Thursday 23 January 2020

Jaunt to Gaddafi's Libya was the trip of a lifetime for a combined St Pat's-Bohs side

A screen-grab of action from the 1989 game in Benghazi when a Libyan club faced a combined Bohs/St Pat’s XI.
A screen-grab of action from the 1989 game in Benghazi when a Libyan club faced a combined Bohs/St Pat’s XI.

Aidan Fitzmaurice

A group of Irish sports people frantically trying to change a bag full of Libyan currency into something more usable was a fittingly crazy end to one of the most bizarre chapters in League of Ireland history.

And the story of a trip by a combined Bohemians/St Patrick's Athletic side to Libya in 1989 has made it to the small screen, a documentary, In League With Gaddafi, being shown on RTÉ1 tonight.

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At the heart of the gripping tale was a simple game of football, a 1-1 draw between that Bohs/Pats XI and club side Al Ahly in Benghazi played in front of a crowd estimated at 50,000.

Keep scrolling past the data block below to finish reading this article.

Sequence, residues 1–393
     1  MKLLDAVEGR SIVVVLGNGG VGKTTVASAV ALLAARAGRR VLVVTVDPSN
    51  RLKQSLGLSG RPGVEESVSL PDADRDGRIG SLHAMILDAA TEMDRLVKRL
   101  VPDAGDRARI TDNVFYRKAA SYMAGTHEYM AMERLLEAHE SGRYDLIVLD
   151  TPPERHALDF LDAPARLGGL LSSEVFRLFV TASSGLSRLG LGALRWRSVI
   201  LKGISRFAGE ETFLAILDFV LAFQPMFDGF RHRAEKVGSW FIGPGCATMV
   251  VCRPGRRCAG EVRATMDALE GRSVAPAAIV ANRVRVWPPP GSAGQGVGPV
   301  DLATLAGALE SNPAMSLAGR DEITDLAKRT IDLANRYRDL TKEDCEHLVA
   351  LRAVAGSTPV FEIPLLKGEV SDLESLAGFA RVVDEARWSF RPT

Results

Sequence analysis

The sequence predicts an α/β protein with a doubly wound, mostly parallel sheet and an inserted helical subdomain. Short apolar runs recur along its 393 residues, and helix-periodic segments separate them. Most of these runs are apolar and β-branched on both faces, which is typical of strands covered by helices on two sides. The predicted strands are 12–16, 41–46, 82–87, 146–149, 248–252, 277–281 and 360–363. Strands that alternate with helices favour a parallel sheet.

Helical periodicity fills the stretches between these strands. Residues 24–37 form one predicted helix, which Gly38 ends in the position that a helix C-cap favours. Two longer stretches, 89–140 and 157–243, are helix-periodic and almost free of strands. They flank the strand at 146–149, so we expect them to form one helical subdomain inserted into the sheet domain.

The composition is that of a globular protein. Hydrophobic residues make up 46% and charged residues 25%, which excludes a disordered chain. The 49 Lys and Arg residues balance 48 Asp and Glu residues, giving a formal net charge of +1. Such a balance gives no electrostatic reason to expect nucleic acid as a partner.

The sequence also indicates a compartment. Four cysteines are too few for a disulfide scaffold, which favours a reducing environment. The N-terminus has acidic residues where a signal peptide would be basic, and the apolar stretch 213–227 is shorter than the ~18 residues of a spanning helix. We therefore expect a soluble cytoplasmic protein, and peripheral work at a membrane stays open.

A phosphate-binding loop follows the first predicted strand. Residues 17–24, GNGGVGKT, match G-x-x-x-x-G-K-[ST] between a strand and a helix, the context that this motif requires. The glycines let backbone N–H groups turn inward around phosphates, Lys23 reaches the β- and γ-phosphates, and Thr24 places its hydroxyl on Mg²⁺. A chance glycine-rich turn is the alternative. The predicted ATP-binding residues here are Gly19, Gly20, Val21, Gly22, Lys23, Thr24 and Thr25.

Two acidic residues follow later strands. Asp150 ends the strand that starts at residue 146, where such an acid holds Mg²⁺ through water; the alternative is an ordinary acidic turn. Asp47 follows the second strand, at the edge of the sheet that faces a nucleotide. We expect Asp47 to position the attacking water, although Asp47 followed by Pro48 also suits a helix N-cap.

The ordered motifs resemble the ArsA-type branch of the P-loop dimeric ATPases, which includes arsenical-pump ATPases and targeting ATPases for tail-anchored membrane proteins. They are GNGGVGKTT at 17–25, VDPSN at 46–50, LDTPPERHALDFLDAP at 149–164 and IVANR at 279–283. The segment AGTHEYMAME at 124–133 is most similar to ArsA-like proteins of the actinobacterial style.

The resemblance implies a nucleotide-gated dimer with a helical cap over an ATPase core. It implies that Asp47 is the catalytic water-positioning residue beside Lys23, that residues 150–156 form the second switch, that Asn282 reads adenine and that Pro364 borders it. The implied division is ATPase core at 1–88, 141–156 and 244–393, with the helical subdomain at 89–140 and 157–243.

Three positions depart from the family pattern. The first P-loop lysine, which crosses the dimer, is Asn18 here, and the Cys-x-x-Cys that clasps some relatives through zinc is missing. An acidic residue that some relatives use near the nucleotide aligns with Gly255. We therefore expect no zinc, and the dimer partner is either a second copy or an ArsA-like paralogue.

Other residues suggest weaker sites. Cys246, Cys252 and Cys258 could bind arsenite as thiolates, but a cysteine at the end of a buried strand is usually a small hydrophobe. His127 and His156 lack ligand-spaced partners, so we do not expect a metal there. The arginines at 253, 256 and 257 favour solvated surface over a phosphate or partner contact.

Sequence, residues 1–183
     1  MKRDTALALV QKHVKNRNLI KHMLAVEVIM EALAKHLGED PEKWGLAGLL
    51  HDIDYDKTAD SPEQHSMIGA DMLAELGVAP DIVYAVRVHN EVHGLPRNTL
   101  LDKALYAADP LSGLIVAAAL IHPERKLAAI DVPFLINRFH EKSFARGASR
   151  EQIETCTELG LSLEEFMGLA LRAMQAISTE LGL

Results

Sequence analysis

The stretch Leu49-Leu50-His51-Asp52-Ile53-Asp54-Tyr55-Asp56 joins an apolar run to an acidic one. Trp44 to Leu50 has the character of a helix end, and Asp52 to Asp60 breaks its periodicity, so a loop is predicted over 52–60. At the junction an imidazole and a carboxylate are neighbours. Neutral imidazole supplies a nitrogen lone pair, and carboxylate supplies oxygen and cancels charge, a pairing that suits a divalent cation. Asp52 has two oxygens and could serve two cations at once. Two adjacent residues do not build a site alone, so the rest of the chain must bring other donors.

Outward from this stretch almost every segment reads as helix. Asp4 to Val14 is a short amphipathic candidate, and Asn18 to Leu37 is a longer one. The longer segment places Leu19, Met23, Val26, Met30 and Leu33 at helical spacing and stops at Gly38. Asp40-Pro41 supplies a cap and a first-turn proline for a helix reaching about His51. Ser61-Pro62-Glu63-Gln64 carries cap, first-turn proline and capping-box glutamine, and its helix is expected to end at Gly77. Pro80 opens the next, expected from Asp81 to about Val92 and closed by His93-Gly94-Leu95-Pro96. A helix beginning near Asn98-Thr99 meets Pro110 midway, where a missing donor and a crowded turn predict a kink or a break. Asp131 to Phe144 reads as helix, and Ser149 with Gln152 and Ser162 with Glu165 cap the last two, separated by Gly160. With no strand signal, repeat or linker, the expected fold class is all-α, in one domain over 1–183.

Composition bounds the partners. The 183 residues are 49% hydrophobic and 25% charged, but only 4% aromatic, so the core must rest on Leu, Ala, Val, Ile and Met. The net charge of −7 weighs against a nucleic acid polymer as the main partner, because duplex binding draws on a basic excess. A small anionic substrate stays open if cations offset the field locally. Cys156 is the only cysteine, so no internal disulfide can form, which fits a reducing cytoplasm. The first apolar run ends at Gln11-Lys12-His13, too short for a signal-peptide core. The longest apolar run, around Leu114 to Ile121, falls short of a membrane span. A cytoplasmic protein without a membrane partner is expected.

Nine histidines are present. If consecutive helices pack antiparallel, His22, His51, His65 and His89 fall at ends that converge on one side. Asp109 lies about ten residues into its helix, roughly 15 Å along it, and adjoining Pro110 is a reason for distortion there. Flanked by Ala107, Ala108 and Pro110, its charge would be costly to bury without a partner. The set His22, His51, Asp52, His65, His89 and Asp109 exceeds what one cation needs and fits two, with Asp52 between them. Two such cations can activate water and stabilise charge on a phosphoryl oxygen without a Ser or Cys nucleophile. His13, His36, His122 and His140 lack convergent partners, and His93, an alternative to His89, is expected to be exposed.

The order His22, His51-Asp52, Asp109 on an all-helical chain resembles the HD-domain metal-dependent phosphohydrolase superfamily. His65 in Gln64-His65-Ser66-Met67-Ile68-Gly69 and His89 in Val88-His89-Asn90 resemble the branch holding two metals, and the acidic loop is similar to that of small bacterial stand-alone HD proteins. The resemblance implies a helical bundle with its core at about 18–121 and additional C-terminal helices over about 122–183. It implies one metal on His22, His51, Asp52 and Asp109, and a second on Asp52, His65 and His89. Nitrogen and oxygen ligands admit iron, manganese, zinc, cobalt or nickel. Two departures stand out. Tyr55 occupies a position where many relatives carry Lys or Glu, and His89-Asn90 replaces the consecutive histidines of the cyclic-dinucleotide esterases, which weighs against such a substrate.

But around the trip there was a political row over the visit due to Libya's funding of the IRA, a link with the beef industry, a run-in (and near arrest) with the Libyan police over a late-night drinking den, that bag full of cash, and confusion, a lot of confusion.

One of the most confused parties were the Libyans themselves as they, somehow, thought the game was against the senior Ireland side which had played at Euro '88 just months earlier, and instead they got a squad combined of little-known League of Ireland footballers.

Some of the Irish party are convinced they met Libyan leader Muammar Gaddafi at the game, even though that didn't happen.

Kevin Brannigan, the documentary maker, recalls how local media there wondered why Ronnie Whelan wasn't a member of the party which landed in Libya.

The game had its roots in the FAI Cup, as both of the clubs were knocked out at the first-round stage. With a free weekend, the clubs were approached about a trip to Libya, a chance to boost their coffers.

"We were offered a fee which was quite attractive because it was going to pay a couple of weeks' wages which was really important to us," Brian Kerr, joint manager of the side, along with Billy Young, recalls.

"But it also gave the players the opportunity to get some international experience in a totally different environment."

Getting paid was a problem: the Bohs/Pats party were given cash as they were about to leave but instead of payment in dollars they received Libyan dinars, effectively worthless outside of the country.

The money was, eventually, changed, in the short-term Bohs and Pats were able to pay wages, but long-term, memories of a trip of a lifetime were built.

In League With Gaddafi, RTÉ 1, tonight, 9.35.

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